4) Can we go at our pace?
5) Are there opportunities to stop and play (low stress activities) or to take a break and come back?
Some examples: 
Movies - almost never. Museums that are part of the ASTC group, so we get free or discounted admission - great! Guided tours - no. Self-guided tours - great! Children's museums - great. Museums that we can leave and come back to - great. Scheduled anything - probably not.

Q: Do you have a support system (or systems) you rely on?

A: Yes! I have a wonderfully supportive family on both sides. I have a friend who watches the kids once a week. I have other friends who are willing to help out. I am truly blessed with friends that love me and my crazy family! My husband also is incredibly supportive. He often comes home to find he gets to make dinner, and rarely complains. He puts the kids to bed, so I can veg during that time. He lets me sleep as much as he can. He also is blessed with a flexible job which enables him to come home if I really need help. That's the hardest part of these road trips: being "on " 24/7 the whole time we are gone, and not having him for backup. But he’s so sweet he lets me come home and crash! (That's right, Amanda field trips AND road trips without her hubby!)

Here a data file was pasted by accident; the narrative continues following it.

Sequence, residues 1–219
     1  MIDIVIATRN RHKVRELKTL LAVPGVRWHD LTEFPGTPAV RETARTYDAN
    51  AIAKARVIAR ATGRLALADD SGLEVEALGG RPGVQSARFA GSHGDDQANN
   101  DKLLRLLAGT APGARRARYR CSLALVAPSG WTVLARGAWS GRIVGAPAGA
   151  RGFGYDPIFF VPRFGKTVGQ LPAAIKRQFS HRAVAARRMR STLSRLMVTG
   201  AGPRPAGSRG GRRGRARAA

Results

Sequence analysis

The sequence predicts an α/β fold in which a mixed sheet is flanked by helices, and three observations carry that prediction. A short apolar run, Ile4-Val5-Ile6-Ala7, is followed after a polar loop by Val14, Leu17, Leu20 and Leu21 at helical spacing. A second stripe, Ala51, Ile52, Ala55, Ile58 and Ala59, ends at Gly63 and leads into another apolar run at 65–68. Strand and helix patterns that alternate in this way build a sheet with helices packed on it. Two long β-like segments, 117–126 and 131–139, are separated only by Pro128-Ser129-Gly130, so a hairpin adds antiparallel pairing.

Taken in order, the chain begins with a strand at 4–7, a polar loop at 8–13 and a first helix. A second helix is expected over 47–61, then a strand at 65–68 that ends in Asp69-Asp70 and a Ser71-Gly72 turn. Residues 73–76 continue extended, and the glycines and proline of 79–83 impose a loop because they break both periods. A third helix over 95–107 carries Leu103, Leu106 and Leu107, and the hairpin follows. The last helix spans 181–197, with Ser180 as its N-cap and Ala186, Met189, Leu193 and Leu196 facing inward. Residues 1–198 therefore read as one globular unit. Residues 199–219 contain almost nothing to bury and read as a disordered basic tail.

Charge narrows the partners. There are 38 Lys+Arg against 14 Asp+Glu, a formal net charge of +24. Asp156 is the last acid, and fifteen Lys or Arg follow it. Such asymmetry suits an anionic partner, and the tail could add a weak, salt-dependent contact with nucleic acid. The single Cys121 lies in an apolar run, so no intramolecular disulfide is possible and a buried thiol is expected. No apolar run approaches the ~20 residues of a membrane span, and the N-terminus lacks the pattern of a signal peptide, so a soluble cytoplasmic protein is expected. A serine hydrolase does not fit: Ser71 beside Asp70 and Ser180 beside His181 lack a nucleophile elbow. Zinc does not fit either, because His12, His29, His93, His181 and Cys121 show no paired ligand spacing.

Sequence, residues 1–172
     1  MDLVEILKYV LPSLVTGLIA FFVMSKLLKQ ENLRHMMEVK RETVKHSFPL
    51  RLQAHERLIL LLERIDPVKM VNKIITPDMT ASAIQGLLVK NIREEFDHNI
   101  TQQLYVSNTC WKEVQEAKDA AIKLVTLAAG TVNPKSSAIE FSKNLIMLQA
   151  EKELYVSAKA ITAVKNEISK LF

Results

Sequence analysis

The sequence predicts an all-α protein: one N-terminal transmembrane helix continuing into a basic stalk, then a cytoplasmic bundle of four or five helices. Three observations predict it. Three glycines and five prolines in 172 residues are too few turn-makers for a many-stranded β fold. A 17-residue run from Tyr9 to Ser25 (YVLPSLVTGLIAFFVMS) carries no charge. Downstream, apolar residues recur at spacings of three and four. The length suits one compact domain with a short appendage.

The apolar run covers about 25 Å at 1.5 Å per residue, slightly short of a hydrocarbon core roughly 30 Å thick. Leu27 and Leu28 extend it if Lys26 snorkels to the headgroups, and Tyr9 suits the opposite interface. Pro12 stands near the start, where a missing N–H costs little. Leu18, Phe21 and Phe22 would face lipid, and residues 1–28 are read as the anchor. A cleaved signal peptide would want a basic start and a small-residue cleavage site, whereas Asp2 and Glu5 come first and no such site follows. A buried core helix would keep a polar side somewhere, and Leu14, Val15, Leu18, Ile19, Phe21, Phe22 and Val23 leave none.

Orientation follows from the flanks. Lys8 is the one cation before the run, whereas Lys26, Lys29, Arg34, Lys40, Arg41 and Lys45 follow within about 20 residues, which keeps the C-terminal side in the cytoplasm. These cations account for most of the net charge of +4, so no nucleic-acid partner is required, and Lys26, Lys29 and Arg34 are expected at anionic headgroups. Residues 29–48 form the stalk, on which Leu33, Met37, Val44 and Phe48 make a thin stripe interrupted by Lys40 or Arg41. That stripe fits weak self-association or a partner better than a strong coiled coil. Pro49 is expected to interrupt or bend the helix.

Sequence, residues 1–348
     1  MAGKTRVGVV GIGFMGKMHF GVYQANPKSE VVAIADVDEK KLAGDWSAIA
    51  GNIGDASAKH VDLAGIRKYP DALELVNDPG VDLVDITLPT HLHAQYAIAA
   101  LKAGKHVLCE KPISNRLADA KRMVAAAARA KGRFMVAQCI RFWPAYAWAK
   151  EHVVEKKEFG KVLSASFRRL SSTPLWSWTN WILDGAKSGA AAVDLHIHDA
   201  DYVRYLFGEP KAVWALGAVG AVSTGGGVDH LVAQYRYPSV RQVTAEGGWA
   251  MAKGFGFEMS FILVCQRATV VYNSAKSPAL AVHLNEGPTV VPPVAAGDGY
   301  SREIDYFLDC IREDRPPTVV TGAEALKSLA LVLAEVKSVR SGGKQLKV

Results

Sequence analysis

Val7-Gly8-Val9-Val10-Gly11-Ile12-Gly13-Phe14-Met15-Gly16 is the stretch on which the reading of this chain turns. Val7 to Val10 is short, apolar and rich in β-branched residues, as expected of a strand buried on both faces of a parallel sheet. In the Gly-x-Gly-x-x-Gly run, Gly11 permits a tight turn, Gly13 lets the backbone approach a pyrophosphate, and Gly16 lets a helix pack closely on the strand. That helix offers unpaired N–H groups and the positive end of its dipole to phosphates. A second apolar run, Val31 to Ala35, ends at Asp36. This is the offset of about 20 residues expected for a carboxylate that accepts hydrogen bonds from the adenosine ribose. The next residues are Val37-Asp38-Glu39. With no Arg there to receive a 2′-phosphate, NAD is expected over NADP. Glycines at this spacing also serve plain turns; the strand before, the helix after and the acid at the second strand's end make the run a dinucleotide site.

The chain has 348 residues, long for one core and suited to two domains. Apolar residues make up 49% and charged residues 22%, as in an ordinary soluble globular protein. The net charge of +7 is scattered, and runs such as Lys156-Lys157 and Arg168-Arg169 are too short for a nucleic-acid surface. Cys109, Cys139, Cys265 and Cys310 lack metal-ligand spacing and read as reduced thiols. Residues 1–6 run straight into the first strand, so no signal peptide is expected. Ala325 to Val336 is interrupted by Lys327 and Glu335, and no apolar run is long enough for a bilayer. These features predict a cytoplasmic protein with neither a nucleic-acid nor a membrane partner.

Q: On the Goschoolers team, you are called the Road Trip Guru. What tips do you have for road-tripping with little ones?
A: Accept and understand the kids needs to be kids. Give you and them time to go slow. Make sure everyone tries to go to the bathroom any time any one child does (significantly reduces potty stops). Help them work to lengthen the time between bathroom breaks. Bring a toddler potty, just in case you have to stop on the side of the road. Don’t be afraid of pull-ups - use them if it makes every one's life less stressful. Books on tape are good for the 5+ crowd, young adult books move quickly enough for the kids but are interesting for you. Limit drinking in the car. Bring snacks. For our larger family, we need to plan and even make reservations for any eating out that's not fast food. Have a plan, but be flexible. I plan an activity for the day, and have a list of other activities we could do if we have extra time. Plan time for decompressing, like running around at a campground or park. Bring a comfort item from home. Do what you need to keep yourself calm and happy. If you’re not having fun, no one will. Relax and enjoy your kids!

Q: What other insights do you have on Goschooling, little kids, and large families?
A: Our kids can do so much more than we usually give them credit for. Don’t underestimate the power of persuasion. I can talk my kids into almost anything - its all how you present it. I mean, which sounds more fun: 1) Lets go look at some bones from millions of years ago? or 2) Hey, wouldn’t it be awesome to see some real bones of dinosaurs?! (be enthusiastic!) Think they will have a T-rex? How big do you think they are?

When something is overwhelming, take a step back and ask why. Why am I doing this? Why is it important? Is it really that important? What are we getting out of it?